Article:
A total of 331 titles and abstracts were screened by the project manager and the Asthma/Rhinitis Working Group (ARWG) chair (figure 1). Forty-eight systematic reviews and/or primary papers and 16 guidelines were identified for appraisal; hand searching the reference lists of appraised papers identified a further 14 papers. The critical appraisal resulted in the inclusion of 21 systematic reviews and/or primary papers and 14 clinical practice guidelines.
The evidence review suggested the value of written asthma plans, with symptom-based asthma plans being superior to peak-flow based plans.40 41 The importance of community-based home interventions42 for asthma was clear and there was a demonstrated value for the education of patients,43 44 parents, siblings45 46 and schools46 in improving care. The benefits of house dust mite (HDM) reduction efforts for patient outcomes were inconclusive.47
Allergic rhinitis is underdiagnosed and so undertreated. Allergic rhinitis should be treated with second generation, non-sedating antihistamines and intranasal steroids.48 The impact of rhinitis on reducing examination performance was clear.25
Sublingual immunotherapy (SLIT) is likely to benefit children with both allergic rhinitis and asthma.49 Patients with rhinitis who are sensitised to HDM, grass pollen, parietaria, olive, ragweed, cat, tree and cupressus may benefit from SLIT.50 Children with asthma who are monosensitised to HDM might benefit from HDM SLIT.51
A full evidence table can be obtained from the Royal College of Paediatrics and Child Health (RCPCH) website.
Mapping of the pathway
The national care pathway for asthma/rhinitis can be downloaded at http://www.rcpch.ac.uk/allergy/asthmarhinitis. This pathway was developed around the competences required to diagnose and optimally manage asthma and/or rhinitis.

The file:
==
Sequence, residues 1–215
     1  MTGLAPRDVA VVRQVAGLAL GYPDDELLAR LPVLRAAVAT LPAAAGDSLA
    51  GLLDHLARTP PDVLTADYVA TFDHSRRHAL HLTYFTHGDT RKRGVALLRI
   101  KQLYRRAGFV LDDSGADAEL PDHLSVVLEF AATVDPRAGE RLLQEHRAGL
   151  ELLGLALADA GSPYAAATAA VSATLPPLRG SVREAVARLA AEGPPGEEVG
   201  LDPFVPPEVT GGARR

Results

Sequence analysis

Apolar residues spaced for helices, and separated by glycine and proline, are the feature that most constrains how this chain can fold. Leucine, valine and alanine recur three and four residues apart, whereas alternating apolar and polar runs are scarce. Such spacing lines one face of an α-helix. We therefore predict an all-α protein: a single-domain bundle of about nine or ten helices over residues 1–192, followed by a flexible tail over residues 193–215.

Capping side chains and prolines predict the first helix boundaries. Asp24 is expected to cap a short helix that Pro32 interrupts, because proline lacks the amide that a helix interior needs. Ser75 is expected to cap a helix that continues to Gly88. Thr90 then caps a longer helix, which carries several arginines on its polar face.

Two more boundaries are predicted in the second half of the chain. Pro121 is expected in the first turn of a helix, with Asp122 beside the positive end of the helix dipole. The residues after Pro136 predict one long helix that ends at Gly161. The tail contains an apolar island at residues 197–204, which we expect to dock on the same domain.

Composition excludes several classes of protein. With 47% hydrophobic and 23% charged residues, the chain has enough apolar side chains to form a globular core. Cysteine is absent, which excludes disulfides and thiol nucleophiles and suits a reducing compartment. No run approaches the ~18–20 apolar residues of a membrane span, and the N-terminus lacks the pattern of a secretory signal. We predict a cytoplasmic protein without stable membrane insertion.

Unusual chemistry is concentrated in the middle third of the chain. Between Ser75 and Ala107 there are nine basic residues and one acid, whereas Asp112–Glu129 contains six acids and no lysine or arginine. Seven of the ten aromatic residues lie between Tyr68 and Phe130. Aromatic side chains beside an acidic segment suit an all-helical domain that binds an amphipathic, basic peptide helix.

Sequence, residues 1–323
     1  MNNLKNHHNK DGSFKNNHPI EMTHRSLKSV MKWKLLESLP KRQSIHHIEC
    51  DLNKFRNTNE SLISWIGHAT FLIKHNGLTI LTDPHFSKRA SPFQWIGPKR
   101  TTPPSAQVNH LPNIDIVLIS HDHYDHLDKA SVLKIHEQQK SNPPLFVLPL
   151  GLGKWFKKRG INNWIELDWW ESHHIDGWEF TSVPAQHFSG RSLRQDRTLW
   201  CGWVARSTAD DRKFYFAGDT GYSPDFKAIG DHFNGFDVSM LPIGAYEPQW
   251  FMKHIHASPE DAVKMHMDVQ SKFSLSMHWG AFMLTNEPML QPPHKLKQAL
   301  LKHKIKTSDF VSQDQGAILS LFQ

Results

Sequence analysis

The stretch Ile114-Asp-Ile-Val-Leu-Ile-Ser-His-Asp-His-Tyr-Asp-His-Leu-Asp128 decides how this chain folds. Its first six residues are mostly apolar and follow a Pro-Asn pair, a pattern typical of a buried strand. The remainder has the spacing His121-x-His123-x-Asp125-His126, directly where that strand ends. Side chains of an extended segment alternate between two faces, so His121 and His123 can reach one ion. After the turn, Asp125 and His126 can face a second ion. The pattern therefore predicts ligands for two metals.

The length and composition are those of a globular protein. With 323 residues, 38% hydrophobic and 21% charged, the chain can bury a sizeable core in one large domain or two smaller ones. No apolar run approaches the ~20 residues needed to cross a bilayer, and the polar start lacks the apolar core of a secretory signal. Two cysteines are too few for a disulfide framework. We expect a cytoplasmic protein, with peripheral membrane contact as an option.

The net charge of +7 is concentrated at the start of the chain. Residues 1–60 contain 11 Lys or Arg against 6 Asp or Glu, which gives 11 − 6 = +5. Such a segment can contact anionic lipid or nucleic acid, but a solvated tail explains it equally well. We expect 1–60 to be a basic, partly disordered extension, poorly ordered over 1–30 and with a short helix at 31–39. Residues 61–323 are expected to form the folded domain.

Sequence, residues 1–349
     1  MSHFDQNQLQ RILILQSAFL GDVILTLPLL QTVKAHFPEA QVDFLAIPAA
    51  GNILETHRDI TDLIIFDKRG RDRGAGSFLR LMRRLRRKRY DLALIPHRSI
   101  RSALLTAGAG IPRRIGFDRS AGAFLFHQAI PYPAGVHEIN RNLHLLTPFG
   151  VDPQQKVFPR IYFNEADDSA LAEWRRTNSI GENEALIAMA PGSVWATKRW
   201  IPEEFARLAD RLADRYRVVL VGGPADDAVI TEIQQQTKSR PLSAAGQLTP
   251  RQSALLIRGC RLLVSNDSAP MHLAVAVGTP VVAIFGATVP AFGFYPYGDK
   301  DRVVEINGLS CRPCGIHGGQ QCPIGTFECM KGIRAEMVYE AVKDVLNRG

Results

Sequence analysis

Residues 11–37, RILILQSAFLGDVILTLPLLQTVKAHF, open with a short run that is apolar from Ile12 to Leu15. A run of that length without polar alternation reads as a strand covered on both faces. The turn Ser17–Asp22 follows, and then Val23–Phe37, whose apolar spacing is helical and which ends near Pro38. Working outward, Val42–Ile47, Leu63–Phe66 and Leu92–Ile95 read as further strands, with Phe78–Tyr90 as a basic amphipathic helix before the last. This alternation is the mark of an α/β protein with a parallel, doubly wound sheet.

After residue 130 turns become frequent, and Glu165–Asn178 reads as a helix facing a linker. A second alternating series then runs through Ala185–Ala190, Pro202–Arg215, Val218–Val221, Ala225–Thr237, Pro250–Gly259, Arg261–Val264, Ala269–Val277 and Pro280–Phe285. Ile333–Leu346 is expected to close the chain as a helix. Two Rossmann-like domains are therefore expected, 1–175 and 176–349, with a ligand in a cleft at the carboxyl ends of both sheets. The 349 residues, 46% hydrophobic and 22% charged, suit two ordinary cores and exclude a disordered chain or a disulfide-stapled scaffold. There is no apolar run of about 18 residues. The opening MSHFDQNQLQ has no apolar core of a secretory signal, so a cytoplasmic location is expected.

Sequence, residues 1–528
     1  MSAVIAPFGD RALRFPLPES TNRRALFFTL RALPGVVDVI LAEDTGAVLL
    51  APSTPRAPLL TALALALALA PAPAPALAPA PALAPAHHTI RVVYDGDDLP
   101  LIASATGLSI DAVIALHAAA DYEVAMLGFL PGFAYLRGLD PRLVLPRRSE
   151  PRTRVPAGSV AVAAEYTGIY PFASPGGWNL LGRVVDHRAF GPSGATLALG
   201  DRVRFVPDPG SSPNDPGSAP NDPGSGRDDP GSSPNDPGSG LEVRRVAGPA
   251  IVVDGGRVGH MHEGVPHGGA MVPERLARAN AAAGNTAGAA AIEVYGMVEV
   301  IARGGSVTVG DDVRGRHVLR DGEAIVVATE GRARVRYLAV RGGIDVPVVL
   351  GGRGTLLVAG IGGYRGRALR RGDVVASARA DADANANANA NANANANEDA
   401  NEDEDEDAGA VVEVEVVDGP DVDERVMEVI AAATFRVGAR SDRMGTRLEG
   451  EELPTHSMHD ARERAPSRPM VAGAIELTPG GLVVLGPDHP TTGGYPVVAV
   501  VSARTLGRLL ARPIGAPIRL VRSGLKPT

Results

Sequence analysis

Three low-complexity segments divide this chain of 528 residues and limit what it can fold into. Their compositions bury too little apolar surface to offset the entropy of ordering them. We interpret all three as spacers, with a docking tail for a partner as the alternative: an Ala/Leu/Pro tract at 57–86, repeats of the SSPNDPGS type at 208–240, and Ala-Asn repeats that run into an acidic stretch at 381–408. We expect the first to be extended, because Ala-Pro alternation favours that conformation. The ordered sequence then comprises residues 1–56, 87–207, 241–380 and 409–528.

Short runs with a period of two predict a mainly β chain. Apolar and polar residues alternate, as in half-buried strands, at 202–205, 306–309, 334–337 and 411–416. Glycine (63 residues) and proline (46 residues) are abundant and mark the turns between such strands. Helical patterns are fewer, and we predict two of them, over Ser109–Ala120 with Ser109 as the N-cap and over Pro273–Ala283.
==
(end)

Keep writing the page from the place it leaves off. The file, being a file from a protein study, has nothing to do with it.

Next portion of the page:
The ARWG defined asthma as:
A condition that is characterised by the presence of one or more of the following symptoms – chest tightness, wheeze (±cough), breathlessness, and in the absence of an alternative diagnosis. Asthma is associated typically with chronic inflammation and hyper-responsiveness of the lower airway leading to airway narrowing that is variable and reversible (by treatment or spontaneously).
The ARWG agreed the definition for rhinitis to be:
A condition that is characterised by the presence of two or more of the following symptoms, for more than one hour per day on a recurrent or persistent basis: rhinorrhoea (watery, runny nose), sneezing, bilateral nasal obstruction (congestion), itching (±conjunctivitis). Rhinitis may be accompanied by symptoms affecting the eyes, ears, sinuses, throat and chest.12
The scope of this pathway does not extend to acute severe rhinosinusitis and the management of this condition is not considered. Acute severe rhinosinusitis is characterised by the sudden onset of two or more symptoms, one of which should be either nasal blockage/obstruction/congestion or thick nasal discharge, accompanied by facial pain/pressure, and/or reduction or loss of smell and/or headache. Acute severe rhinosinusitis can be life threatening: if high fever and displaced globe are present urgent secondary care referral is warranted.
Fourteen of 56 invited organisations responded, providing 68 comments. All comments were reviewed by the ARWG and the pathway was approved by the Allergy Care Pathways Project Board and the RCPCH Clinical Standards Committee.
Core knowledge documents
The core knowledge documents relating to this pathway are as follows:
▶ British Thoracic Society/Scottish Intercollegiate Guidelines Network guideline on the management of asthma11
▶ British Society for Allergy and Clinical Immunology (BSACI) guidelines for the management of allergic and non-allergic rhinitis16
▶ BSACI guidelines for the management of rhinosinusitis and nasal polyposis15
▶ European position paper on rhinosinusitis and nasal polyps.54